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So You Think You Know Jazz

Photo by Mick Haupt on Unsplash

Inspiration for my topic this week came in the form of a seemingly innocent remark by a newly met acquaintance. Backstory is I was introduced as a pretty good singer and that I also teach voice, although I personally consider what I do with my clients' voices is more technical consultation and therapy. I guess it's easier to just call me a teacher in layman terms. That's a topic for another day.

Back to the story, we exchange numbers and he asks for links to stuff I might have on Spotify and I send him two songs, a collab I did with 3am Music Collective called "I've Got This Together" and another track that I co-wrote lyrics for and co-sang with Izat Ibrahim, Clement Chow's "We're Intertwined" which was for the Autism Network Society. Both songs were of very different genres and quite obviously so.

"I've Got This Together" was written, arranged and played to be a Contemporary Pop Ballad that deals with the pivotal moment during depression that could make or break the sufferer and any musician worth their weight in salt will tell you that it fulfills and qualifies under that specific classification. "We're Intertwined" is best described as a Soul/RnB anthem written to create awareness and more acceptance of autism sufferers, especially in Singapore.

What he replied shortly after caused all my brain functions to stop for a few seconds. Not only did it not sit right with me and cause some very deeply buried emotions to resurface, it plagued my mind incessantly over the last two days, rendering me nearly incapable of preparing and celebrating my daughter's birthday.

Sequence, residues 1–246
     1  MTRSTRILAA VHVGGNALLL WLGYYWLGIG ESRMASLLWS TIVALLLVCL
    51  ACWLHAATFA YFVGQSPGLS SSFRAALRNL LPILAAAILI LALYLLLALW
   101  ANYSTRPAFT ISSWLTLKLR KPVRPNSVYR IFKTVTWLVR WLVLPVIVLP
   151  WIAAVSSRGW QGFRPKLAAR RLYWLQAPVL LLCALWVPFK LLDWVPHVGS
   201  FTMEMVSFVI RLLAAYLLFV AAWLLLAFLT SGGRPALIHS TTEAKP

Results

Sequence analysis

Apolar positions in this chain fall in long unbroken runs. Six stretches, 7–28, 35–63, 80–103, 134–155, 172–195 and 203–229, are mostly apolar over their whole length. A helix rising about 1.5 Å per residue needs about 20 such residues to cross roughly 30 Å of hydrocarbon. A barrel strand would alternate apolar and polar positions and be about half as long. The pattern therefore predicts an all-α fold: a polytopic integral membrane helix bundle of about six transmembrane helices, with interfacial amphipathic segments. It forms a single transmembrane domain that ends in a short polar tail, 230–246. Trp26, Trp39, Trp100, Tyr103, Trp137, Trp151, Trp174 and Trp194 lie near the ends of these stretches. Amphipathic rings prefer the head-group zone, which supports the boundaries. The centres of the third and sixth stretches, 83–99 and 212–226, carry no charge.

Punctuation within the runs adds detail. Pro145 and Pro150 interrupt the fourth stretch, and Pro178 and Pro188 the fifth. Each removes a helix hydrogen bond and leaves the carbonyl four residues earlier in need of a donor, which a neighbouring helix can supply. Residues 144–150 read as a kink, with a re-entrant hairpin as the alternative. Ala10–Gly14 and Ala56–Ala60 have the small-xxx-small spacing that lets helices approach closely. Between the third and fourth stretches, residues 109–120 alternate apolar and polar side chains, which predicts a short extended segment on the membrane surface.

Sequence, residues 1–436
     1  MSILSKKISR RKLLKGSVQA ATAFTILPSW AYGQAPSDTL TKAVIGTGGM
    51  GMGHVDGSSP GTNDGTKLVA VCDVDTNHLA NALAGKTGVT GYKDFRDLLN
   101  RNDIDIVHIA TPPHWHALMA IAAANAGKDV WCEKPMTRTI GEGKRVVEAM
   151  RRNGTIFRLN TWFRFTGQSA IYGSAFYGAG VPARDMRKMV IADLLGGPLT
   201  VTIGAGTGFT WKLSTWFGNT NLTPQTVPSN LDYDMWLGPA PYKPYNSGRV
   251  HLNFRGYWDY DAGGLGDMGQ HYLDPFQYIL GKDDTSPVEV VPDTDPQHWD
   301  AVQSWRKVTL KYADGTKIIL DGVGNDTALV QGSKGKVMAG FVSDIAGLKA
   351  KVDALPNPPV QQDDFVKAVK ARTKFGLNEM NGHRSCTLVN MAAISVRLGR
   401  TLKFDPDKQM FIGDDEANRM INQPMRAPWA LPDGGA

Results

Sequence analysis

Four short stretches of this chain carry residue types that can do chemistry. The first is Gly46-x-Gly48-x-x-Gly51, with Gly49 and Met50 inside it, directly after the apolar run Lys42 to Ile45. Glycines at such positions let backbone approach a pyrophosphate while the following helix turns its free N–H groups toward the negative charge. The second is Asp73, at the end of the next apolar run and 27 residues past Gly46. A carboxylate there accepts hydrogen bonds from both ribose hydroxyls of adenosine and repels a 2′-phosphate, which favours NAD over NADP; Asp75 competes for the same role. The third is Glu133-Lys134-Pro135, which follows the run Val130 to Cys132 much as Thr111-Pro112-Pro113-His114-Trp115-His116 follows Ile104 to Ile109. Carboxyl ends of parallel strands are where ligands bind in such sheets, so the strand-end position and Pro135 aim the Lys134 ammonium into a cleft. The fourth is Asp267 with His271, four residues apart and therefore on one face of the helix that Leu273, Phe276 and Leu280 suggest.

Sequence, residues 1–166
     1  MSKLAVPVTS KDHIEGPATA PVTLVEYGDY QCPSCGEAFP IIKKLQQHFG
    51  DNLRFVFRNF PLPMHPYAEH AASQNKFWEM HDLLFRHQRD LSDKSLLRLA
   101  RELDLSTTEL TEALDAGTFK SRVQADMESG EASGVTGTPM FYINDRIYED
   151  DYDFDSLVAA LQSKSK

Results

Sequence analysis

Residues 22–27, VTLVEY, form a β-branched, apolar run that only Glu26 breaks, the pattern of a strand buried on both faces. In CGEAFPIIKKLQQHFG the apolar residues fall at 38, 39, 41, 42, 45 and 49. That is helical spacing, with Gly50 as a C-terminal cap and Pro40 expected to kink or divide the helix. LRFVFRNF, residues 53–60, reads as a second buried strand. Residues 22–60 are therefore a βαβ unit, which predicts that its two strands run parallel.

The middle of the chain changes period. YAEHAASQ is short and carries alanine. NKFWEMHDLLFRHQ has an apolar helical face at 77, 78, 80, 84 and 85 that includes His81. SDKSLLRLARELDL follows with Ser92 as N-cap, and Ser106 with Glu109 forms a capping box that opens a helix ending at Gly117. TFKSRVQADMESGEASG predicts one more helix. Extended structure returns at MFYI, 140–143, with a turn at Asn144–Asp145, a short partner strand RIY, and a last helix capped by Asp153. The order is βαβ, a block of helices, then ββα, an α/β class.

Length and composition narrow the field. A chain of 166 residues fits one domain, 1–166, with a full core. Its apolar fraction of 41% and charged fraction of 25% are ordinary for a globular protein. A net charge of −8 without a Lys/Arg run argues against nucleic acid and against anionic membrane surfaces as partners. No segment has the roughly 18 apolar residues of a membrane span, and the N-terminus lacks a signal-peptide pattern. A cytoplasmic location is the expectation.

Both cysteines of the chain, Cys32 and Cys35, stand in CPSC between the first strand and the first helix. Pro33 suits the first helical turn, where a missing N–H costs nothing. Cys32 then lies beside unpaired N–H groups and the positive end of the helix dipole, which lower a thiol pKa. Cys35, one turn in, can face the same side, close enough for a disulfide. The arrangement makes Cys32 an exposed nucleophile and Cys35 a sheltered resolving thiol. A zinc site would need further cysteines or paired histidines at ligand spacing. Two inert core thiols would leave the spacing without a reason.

"[I've Got This Together] is really a jazz song.." was what he said.

No. No, it is not. Not by a long shot, regardless of my voice and its timbre.

You see, this is the mind-boggling enigma that any musician and student of Jazz struggles with. Thanks to artistes like Norah Jones and Michael Buble, the general public has a warped sense of what Jazz really is. Maybe the convenience of accessing music through apps instead of going to a music store has denied today's listener an education they otherwise would've had, like I did in my time with places like HMV and Tower Records.

The Merriam-Webster defines Jazz as -

a: American music developed especially from ragtime and blues and characterized by propulsive syncopated rhythms, polyphonic ensemble playing, varying degrees of improvisation, and often deliberate distortions of pitch and timbre

b : popular dance music influenced by jazz and played in a loud rhythmic manner

Based on the definitions above, many of your much-loved, previously-thought-of-as-jazz songs have now found themselves floating in limbo until you are able to recognize the genres they truly belong to. Many have taken an immediate dislike to me when I, in immense frustration, have vehemently pointed out that Michael Buble is NOT a jazz artiste. Yes, his first album and if memory serves, a christmas album somewhere as well, may have been filled with big band covers of standards from big name crooners of yesteryear like Frank Sinatra and Tony Benett but the majority of his originals are downright Pop and I'll have you know that there is absolutely NOTHING WRONG WITH THAT.

Don't get me started on Norah Jones' "Don't know why". I could never, with good intent ever describe it as Jazz. Contemporary Pop Jazz? Sure, but not ever strictly Jazz. You see, both artistes have had hit songs that have minor Jazz influences in the songs but are still essentially Pop songs. What makes them so relatable to the general public are the Pop characteristics of the songs that most can intuitively identify with. Unfortunately, when you throw in an upright bass or a crooner in a suit, people immediately take it for granted that it's Jazz and that's all it will ever be.

I know by now, everyone reading must probably be feeling quite bewildered, with no real idea as to what constitutes as Jazz, now that the rug has been swept out from under their feet. That's why, I'm going to start everyone off with a playlist for this coming week of songs that will hopefully start to inspire a curiosity into learning more about Jazz.

Now, while I could write so much more, let's face it, we all have attention spans of a goldfish these days, so I'll leave it as is for now. There's plenty for you to ponder over until tomorrow, when I unveil the chosen five on Beverly's Weekly Playlist - So You Think You Know Jazz edition!


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